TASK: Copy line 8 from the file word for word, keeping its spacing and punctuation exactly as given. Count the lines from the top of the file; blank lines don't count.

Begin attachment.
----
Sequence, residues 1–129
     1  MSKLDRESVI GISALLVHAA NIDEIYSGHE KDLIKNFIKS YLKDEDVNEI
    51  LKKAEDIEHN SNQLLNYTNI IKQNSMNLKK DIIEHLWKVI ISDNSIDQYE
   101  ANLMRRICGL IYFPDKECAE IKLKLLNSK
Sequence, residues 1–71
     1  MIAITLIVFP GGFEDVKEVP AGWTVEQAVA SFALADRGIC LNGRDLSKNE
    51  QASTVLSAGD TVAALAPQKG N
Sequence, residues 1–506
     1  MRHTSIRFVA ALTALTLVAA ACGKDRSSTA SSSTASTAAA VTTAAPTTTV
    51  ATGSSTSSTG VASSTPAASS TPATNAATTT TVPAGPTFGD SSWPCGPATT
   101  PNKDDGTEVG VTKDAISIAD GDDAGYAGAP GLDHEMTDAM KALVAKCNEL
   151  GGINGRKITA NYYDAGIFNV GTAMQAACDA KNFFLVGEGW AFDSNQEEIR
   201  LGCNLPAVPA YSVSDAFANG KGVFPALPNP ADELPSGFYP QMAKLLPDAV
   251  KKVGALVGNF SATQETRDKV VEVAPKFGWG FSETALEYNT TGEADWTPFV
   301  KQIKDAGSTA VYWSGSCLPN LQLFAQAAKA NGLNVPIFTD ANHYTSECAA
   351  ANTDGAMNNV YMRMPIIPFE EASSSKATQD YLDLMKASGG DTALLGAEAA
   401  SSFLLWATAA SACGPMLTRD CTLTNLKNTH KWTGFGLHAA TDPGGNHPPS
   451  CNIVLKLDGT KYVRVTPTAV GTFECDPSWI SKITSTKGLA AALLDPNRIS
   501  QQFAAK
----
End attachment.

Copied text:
Sequence, residues 1–506